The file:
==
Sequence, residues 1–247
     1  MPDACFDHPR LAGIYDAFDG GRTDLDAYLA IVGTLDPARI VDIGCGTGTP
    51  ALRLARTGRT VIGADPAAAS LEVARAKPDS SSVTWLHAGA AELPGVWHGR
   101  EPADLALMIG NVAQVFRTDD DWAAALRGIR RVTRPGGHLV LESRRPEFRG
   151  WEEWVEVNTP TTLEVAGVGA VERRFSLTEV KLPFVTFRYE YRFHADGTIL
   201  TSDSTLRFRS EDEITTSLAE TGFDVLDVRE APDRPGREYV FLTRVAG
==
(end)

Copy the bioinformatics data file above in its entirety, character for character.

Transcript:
Sequence, residues 1–247
     1  MPDACFDHPR LAGIYDAFDG GRTDLDAYLA IVGTLDPARI VDIGCGTGTP
    51  ALRLARTGRT VIGADPAAAS LEVARAKPDS SSVTWLHAGA AELPGVWHGR
   101  EPADLALMIG NVAQVFRTDD DWAAALRGIR RVTRPGGHLV LESRRPEFRG
   151  WEEWVEVNTP TTLEVAGVGA VERRFSLTEV KLPFVTFRYE YRFHADGTIL
   201  TSDSTLRFRS EDEITTSLAE TGFDVLDVRE APDRPGREYV FLTRVAG